John & Marcie Krantz

When John Krantz, Forest Lake, retired from DNR Forestry 11 years ago, he and his wife, Marcie, went to work selling goods from their woods.

One product with which John enjoys working is willow sticks that can be made into canes and walking sticks. Each year, with permits from Itacsa County, DNR and the Chippewa National Forest, John harvests about 1,000 willow sticks and 400 sticks from eight to ten year old aspen. “These sticks are easy to sell,” John says, “especially the further south you go. We have been showing our products at a show in Kansas City for the last 10 years. People come from as far away as Arkansas to buy them.”

A second product is butternut that can be made into plates, bowls, etc. by wood turners. But the main product of their business, Krantz Wood Sales, is basswood for carvers. “In the area north of the Twin Cities, we grow the best basswood in the world,” John says, “probably because it grows relatively slowly here. But, even this best basswood is a low value timber that becomes high value after we prepare it for sale.”

First, basswood has to be harvested in winter. If basswood is harvested in summer it deteriorates very quickly and will not hold its bark. Some of the Krantz’ products have the bark attached.

After harvest comes the drying process. Air-dried basswood has characteristics in demand by Krantz’s carver customers. The sawmill John uses to cut the rough lumber does the first step in drying by stacking the rough lumber outdoors. During breezy, low humidity days in April, May and June, the lumber will lose half its moisture. Then the wood is moved into the loft of a barn on the Krantz’ Deer River-area farm. “The barn has a metal roof which allows the summer temperatures to get into the 90s “ John says.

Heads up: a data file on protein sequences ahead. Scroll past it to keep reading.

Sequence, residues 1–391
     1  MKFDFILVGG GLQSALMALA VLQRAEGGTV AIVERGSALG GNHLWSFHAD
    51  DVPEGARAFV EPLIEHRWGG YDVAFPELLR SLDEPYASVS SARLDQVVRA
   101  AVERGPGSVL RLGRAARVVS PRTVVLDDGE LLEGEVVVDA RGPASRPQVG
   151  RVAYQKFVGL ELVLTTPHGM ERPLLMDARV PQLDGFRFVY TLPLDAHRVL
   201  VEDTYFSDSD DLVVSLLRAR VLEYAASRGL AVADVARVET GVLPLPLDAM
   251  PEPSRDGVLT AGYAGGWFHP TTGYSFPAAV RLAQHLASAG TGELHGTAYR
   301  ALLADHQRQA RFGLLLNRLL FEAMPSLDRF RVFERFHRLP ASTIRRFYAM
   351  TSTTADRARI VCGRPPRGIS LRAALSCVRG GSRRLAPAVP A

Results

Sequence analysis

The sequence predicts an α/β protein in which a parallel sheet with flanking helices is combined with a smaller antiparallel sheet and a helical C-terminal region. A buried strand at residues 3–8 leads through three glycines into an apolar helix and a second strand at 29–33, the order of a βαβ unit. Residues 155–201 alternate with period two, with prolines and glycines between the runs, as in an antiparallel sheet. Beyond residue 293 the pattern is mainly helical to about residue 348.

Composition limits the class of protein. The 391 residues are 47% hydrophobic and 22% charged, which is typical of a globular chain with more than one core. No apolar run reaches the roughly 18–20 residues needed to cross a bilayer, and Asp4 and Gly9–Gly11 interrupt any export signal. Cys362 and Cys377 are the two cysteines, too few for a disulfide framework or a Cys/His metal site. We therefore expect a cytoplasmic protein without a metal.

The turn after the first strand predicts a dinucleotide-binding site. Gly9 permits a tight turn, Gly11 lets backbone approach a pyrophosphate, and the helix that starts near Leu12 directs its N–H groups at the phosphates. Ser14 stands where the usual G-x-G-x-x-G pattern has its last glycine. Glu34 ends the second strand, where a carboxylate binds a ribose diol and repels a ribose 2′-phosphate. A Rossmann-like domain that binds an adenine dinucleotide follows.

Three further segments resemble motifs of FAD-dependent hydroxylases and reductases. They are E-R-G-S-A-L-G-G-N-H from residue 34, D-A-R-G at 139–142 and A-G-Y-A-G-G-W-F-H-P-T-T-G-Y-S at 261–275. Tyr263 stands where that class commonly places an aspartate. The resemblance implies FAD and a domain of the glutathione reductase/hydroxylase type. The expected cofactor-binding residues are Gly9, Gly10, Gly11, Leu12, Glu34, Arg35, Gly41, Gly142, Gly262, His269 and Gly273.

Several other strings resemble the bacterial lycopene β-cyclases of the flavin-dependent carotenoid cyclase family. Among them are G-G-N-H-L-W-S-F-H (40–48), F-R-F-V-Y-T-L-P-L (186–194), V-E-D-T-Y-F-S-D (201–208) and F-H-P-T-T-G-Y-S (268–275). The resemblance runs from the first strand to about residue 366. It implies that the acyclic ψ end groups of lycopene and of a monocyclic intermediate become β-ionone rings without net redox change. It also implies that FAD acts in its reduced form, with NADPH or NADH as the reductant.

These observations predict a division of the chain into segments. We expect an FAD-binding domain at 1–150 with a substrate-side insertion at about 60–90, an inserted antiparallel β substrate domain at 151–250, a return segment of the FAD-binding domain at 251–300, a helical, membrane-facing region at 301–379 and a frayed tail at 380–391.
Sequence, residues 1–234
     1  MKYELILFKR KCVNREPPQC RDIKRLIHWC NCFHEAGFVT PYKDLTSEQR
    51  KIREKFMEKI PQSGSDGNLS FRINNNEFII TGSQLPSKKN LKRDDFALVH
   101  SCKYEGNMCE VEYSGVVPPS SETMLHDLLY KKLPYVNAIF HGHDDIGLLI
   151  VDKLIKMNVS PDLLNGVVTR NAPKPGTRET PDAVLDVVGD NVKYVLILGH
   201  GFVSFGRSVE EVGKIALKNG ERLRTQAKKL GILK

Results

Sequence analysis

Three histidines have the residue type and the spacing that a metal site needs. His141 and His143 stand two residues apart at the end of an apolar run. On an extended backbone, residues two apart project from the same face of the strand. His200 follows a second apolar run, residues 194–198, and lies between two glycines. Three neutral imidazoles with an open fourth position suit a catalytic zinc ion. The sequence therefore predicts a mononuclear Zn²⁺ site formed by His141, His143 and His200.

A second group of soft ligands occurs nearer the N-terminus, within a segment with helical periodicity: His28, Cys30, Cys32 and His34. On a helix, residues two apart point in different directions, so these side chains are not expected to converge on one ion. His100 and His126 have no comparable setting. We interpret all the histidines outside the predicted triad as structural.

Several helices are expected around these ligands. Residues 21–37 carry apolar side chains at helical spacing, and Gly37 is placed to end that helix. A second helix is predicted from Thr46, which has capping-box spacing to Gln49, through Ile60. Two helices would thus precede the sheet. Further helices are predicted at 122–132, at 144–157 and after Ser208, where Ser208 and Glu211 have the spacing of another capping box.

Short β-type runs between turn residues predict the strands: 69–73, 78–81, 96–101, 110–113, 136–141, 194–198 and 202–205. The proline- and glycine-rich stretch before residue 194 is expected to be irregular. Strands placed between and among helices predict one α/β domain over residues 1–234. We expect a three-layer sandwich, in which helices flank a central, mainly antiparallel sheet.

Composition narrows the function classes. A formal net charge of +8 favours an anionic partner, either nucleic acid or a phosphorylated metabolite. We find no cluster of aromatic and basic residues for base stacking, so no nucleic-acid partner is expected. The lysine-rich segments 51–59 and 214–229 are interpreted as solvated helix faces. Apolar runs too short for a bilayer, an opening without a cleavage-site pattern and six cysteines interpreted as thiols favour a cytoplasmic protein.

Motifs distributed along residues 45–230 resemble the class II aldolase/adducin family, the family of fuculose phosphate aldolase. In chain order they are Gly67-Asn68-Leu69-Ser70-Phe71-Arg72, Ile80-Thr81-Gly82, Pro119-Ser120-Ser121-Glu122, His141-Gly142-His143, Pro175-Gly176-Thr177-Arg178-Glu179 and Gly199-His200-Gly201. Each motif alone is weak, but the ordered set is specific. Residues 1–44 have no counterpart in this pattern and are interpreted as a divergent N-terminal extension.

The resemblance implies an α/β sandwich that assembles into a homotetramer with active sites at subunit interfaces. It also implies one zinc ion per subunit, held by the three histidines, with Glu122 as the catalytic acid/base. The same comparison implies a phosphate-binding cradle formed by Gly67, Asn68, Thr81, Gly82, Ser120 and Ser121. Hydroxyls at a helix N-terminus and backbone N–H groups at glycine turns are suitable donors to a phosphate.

By fall, the basswood is moved to the Krantz’ small wood shop in Forest Lake where their one part time employee cuts and planes the wood. Most of it is ready for sale to carvers as-is but John takes one more step with a few of the boards. Some customers like wide boards on which they can carve relief images. The problem is, a single wide board will warp so John glues 4-6” boards together to make one that is 12-18” wide.

Listening to John & Marcie talk, it sounds as though their business is working almost too well. “We have enough business coming in,” John says, “that we are never fully caught up.” They are cutting back a little on their main marketing effort which is displaying at carving-oriented shows in the southern states. This year they skipped a show in Phoenix. For the last 10 years or so, John and Marci would load their pickup and a trailer full of basswood and sell it all at the show. They will continue to sell to their past customers in the Phoenix area via the telephone and Internet.

As to MFA, John as been a member since 1976, the year that our association was brought out of dormancy after having been idle for several decades. In fact, John recalls participating in the very first meeting in Brainerd.

John & Marci’s country estate is a 150-acre farm located just north of Deer River that has been in the family for 109 years. When John was young, the farm was mostly pasture on which his father raised beef cattle. When John went off to forestry school at the University of Minnesota, his father began planting the pasture to red pine and white spruce. Today, all but 20 acres are forested.

For more information you will find an article John wrote for Carving Magazine in which he describes his process in detail.